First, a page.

But when I came back to work, people barely spoke to me. They looked at me like I was a deer in the headlights. And I know they meant well. They were afraid to say the wrong thing, so they said nothing at all.
JUDY WOODRUFF: What’s just one of the ways that people should be able to take away from your experience about how to reach out to someone who’s going through something like this, something traumatic like this, and for those who are going through it themselves, who aren’t accustomed maybe to reaching out, or who aren’t comfortable, for whatever reason?
SHERYL SANDBERG: If you’re trying to help someone who’s facing adversity, the first and most important thing is to acknowledge the pain.
Before, if I had a colleague or a friend who had lost someone, who was going through cancer treatment, I thought bringing it up to them was reminding them. So, I was silent.
Losing Dave taught me how absurd that was. You can’t remind me I lost my husband. I know that every minute of every day. And so, when people said nothing, particularly in the beginning, how are you felt like, how are — how am I? I just lost my husband.
And they were asking. I took that as the standard American I’m supposed to — greeting. I’m supposed to say fine and move on. But they meant it. And when I learned to say, I’m not great, or I’m really sad today, or thanks for asking, I don’t want to talk about it right now, I was letting them acknowledge.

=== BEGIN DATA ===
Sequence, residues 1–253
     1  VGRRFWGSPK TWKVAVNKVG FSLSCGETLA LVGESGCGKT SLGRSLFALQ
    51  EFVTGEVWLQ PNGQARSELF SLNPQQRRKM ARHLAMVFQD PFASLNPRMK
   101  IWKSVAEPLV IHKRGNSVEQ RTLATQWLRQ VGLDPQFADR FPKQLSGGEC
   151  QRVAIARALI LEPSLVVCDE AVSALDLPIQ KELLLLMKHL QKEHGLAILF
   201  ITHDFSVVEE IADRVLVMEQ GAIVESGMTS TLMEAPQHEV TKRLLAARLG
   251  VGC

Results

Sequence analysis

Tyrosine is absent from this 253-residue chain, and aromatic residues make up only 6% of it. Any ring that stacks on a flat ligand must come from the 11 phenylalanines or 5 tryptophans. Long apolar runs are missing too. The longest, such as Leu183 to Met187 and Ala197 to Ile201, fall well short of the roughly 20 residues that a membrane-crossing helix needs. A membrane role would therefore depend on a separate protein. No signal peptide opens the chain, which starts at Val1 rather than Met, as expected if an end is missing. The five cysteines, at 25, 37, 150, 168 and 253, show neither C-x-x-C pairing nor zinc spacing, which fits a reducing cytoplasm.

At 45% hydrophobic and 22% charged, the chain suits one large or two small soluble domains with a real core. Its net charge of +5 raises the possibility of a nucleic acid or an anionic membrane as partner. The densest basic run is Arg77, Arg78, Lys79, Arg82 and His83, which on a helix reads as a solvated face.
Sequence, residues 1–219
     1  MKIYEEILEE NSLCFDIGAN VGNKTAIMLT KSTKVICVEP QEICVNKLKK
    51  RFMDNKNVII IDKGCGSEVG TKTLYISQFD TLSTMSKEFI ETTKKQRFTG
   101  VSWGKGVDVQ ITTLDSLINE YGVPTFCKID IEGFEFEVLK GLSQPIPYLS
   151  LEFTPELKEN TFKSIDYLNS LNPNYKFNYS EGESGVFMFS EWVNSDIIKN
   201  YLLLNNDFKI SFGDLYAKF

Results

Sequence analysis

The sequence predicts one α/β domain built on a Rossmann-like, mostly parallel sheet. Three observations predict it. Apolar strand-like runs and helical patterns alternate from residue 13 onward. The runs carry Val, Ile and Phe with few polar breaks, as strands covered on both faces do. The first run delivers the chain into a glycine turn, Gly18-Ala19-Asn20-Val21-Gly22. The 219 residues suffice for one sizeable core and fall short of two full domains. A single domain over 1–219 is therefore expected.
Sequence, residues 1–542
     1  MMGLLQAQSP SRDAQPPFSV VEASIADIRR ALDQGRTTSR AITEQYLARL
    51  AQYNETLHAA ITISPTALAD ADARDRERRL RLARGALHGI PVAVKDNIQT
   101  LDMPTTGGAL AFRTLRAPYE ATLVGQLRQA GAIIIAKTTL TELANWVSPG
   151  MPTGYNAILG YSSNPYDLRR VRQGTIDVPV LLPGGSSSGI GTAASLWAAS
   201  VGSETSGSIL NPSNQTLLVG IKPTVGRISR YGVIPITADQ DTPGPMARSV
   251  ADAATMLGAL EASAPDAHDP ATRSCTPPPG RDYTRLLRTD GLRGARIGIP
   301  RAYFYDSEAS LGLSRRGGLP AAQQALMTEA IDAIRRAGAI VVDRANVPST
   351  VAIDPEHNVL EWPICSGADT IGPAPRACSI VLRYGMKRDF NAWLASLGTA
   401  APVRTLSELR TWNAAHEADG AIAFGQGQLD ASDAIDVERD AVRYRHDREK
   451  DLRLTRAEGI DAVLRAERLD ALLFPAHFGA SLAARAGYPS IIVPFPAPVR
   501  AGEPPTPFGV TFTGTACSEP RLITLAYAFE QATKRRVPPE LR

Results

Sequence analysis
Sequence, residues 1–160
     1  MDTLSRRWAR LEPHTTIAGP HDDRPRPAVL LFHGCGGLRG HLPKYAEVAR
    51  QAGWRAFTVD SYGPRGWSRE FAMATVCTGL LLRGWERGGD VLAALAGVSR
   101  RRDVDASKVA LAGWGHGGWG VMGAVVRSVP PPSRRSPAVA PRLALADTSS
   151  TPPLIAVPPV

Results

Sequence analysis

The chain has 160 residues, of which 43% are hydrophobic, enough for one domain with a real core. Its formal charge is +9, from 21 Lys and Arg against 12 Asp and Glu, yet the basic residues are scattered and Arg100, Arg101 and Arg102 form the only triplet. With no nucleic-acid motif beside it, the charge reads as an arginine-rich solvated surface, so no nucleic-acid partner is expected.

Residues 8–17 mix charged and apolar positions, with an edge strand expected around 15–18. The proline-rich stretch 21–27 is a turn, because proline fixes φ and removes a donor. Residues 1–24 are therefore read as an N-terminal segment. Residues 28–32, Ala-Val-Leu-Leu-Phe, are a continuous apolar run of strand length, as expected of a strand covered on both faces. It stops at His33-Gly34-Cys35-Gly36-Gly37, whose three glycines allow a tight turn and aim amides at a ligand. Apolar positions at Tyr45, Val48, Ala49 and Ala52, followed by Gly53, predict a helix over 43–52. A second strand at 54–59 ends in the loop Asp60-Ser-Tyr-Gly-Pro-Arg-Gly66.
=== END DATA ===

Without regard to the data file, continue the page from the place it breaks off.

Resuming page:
And so it’s really on both sides to acknowledge.
JUDY WOODRUFF: Sandberg also writes about how important it is not to blame yourself.
SHERYL SANDBERG: When Dave first died, I thought it was my fault.
The initial report said he’d died of head trauma from falling off an exercise machine. My brother’s a neurosurgeon, and he told me that wasn’t true.
When we got the autopsy, we realized he had died of a cardiac arrhythmia. But I still blamed myself, and I blamed myself for a long time. But when Adam told me that, because I was blaming myself, I was going to keep my kids from recovering, because I was going to keep myself from recovering, that really helped.